2GIG DBELL1-345: Go!Control Programming
2GIG DBELL1-345: http://alrm.gd/2gig-dbell1-345 Go!Control: http://alrm.gd/2gig-gocontrol Get Monitored! http://alrm.gd/get-monitored The 2GIG DBELL1-345 is ...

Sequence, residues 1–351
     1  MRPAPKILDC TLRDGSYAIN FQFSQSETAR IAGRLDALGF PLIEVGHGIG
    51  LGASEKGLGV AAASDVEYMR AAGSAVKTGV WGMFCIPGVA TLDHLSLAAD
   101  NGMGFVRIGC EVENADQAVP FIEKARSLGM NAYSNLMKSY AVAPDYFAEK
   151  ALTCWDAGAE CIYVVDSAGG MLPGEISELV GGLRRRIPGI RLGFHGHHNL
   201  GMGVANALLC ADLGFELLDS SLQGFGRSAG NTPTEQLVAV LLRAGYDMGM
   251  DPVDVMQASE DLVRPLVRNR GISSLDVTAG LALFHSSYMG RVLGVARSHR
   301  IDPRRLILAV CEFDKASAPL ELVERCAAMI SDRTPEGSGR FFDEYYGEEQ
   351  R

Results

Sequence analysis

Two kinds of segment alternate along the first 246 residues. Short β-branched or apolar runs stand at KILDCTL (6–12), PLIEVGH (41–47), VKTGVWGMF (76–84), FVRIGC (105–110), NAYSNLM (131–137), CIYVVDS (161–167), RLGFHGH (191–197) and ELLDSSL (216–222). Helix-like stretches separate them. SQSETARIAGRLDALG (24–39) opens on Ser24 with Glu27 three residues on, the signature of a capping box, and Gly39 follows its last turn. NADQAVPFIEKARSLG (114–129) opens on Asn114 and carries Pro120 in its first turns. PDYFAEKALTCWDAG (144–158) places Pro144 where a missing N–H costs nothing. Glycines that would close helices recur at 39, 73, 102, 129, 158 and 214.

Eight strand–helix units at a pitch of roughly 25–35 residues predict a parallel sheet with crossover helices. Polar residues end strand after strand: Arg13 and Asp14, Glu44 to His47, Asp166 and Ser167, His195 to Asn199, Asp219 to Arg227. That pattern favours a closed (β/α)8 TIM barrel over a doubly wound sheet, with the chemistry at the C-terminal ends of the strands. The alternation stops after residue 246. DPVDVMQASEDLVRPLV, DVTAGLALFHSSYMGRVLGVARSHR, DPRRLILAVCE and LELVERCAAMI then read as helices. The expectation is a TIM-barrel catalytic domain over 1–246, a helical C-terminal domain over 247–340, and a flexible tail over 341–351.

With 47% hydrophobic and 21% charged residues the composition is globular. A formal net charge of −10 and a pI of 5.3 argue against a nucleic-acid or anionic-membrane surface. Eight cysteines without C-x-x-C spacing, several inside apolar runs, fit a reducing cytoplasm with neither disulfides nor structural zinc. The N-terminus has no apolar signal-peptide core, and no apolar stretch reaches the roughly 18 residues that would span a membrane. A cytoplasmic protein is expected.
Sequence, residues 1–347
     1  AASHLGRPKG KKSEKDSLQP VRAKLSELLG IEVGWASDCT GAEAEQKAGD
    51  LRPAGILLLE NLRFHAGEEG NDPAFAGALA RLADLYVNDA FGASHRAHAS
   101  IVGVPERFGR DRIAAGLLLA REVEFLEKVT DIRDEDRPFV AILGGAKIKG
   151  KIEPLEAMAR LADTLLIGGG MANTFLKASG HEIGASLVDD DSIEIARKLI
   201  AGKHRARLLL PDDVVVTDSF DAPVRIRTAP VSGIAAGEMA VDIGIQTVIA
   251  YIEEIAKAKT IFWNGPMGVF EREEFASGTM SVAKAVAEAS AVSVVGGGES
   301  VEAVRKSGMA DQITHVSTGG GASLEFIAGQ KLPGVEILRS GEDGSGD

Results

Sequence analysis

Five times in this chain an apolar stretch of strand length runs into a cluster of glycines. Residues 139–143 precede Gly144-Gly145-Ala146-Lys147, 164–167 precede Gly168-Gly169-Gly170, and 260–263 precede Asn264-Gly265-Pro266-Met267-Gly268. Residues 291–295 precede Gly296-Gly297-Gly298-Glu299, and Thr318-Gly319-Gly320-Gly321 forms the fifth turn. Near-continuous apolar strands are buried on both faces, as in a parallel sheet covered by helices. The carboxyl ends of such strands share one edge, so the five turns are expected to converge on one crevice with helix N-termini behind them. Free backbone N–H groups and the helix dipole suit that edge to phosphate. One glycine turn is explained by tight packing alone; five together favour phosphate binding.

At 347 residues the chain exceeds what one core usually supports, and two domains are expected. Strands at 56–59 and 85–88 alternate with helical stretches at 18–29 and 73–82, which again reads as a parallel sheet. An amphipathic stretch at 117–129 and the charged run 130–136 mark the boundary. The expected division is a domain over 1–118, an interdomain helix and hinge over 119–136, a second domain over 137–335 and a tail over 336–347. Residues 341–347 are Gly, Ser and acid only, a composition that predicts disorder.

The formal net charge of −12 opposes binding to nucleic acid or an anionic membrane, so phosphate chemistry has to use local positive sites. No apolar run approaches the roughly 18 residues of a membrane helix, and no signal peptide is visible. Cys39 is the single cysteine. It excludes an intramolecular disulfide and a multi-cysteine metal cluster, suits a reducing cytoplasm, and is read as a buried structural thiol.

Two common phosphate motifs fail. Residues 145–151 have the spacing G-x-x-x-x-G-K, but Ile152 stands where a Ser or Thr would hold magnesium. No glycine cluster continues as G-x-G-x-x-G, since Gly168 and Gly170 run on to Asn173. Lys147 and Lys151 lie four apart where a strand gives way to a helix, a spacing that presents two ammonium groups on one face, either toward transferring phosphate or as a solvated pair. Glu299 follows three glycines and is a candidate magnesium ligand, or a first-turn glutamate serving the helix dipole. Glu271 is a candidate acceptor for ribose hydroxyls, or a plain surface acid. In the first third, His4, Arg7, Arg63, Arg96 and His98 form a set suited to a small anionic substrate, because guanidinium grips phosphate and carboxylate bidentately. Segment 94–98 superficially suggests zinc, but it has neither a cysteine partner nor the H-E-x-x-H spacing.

Hi, DIYers. Sterling with Alarm Grid here. Today we're going to show you how to program a 2GIG DBELL1-345 to your 2GIG Go!Control panel. This is a really nice wireless sensor to add to a 2GIG panel. A lot of people like the option of being able to trigger a doorbell and hear it at the panel. A regular doorbell, obviously, sounds in the house. But once you have a system, and your doors are opening and chiming, then people want everything integrated. This DBELL1 allows you to do that. You replace your existing doorbell with this one, and you wire to your existing doorbell sounder in the house, and you can also program it to the panel. So now when you press your button, you hear the doorbell from your normal doorbell chime in the house, and it can chime in at the panel. If you have TS1 touchscreen keypads throughout the house, it'll even activate through there. So it really is a nice option to give doorbell functionality integrated into your 2GIG Go!Control. We're going to show you how to program this device. Just like with all sensor programming, we need to jump into our Installer Toolbox menu. You can do that by hitting the Go!Control button and then entering our installer code. 1561 is our default installer code. System Configuration gets us into our programming. First question in programming is Select RF Sensor Number. 2GIG programming is done with question-based programming. And whenever enrolling sensors, question number one is the one you want to do. This next line, where the white bar is, is what zone number are we using. We have yet to program anything to our panel, so Zone 1 is free and ready to be programmed. We hit the down arrow, and we have Select RF Sensor Type. Just like with the Honeywell system, this is like your response type. Sensor type will tell the system how to act when this device is triggered. And if it's a zone that's going to be sending to the central station, it'll tell the system what message to send to the central station. In our case, we don't want any alarms triggered off of this, but we do want the system to be able to know when it's activated. That would be Zone Type 23, No Response Type. So it's not going to activate an alarm. Whether we're armed, disarmed, pressing this button will just make a chime. So we lock in Response Type. You can choose Motion or Contact. And in our case, it's a contact, so we hit the down arrow. And we're on Equipment Code. This is where we tell the Go!Control panel the specific device we're using. So we scroll over till we see 2GIG DBELL. All the way at the end there, 2GIG doorbell. Go ahead and hit the down arrow to lock that in. And we can type in our serial number, which is our transmission ID number, TXID on the back here. It says 0002-002-3816. The last seven digits is our transmission ID. If you were looking at that long string of digits, and you weren't sure if you were supposed to use the first four and the middle three or the middle three and the last four, the easier way is to hit Shift and Learn and simply activate the device. We've already pulled the battery tab internally, which gives it power. So all we do is press the button, we can see that it learned in the 002-3616. And therefore, we know we haven't made any manually input errors. We've also verified that the sensor is good with a good battery. So we hit OK. Hit the down arrow to lock it in. And we're telling the system it is a brand new device. If it was an existing doorbell, we could choose that. This information goes up to your monitoring company, so that they would know, is this the doorbell you had from a previous company or is it a brand new device they sold you. It helps them when troubleshooting. So go ahead and choose the proper equipment age, New or Existing. Loop number is number 1. And we hit the down arrow. Dial Delay, we're not actually sending alarms on this event to the central station, but if there was status about this device, the dial delay could be relevant. So it really doesn't matter what you choose here. We always recommend to disable dial delay, so we're going to go ahead and do that here. So now we're on a screen asking us to construct our RF Sensor 1 Voice Descriptor for this particular device. So just like we do with all our wireless sensors that we're programming to our 2GIG, we can tell the system the specific voice description of what device it is and where is it. So in our purposes, it's going to be our front doorbell. And if we hit Insert, it puts the first word in the list. You get this list on the back of your 2GIG Go!Control Quick Programming Guide. We also have this on our web site alarmgrid.com. Each word equates to a three digit numerical value. There is no alpha keypad on the screen, so we just have to type the word. So Front is 098, so typing 098 programs Front. If we hit Insert again, we can do Doorbell, which is 277. We now have a nice clear description of what this device is and where it's located, Front Doorbell. Hit the down arrow to lock that in. Reports is enabled. That means it would send to the central station. Of course, we're not really tripping alarms on this device, so that isn't really relevant. But supervision messages would go. So if you had low battery alarms, that would tell the central station. That's why we left it enabled. This Supervision is whether or not you are supervising low battery alerts or range issues. So if you wanted to know that it was going low on the battery, or if for some reason, the panel was no longer seeing the doorbell because it got damaged, was tampered with, or something environmentally changed the transmission between the panel and the doorbell, with it supervised, you'll know about that in advance. The system will periodically check for the doorbell, make sure the battery is good. So we always recommend that you leave that Supervised. Now Chime is certainly something we want to enable on the doorbell. Otherwise, pressing the button is not going to do anything. We've already told it no alarm response, so don't activate an alarm. Without a chime, pressing the button will not do anything. So here we can choose what kind of chime do we want. Do we want to hear voice only front doorbell? Do we want to hear ding-dong with voice, so an actual ding-dong front doorbell, or do we just want to hear the ding-dong? Most people are used to a doorbell just making a noise without a voice descriptor, so we're going to leave it as ding-dong number two. But you can go ahead and customize your chime with exactly how you'd like it to sound. And there are quite a few different options within here, so we invite you to kind of go through and take a look at all of the options and play with it and choose the right one for your doorbell. Hit the down arrow, and now we're on our Summary screen. We can confirm that we've programmed it for No Response Type. It will not trigger an alarm. It is a contact. It's the 2GIG doorbell. The serial number is correct. It is a brand new device on loop number one. We have our dial delay disabled. There will be no delays in sending to the central station on events. And it is the front doorbell with reporting to the central station enabled and supervision enabled. The chime is ding-dong number two. And if we Skip and End and Exit, the panel will reboot. It's locking in our programming settings with this reboot process. And then we can press our button and verify that it worked by hearing the ding-dong chime message at the panel. So we give it a few minutes or a few seconds to wake up. We're going to hear it say disarmed. Disarmed, ready to arm. Ready to arm, a few seconds later, this lights up, and then the screen will come on. System Ready, Not Armed, and here we go. We're going to press our button. [DOORBELL CHIME] We get a really nice doorbell noise. Now we can go install this, and we have properly programmed our 2GIG DBELL1 doorbell sensor. We hope you've enjoyed this video. We invite you to subscribe to our channel. And if you have any questions on programming your 2GIG DBELL1, please let us know by emailing email@example.com.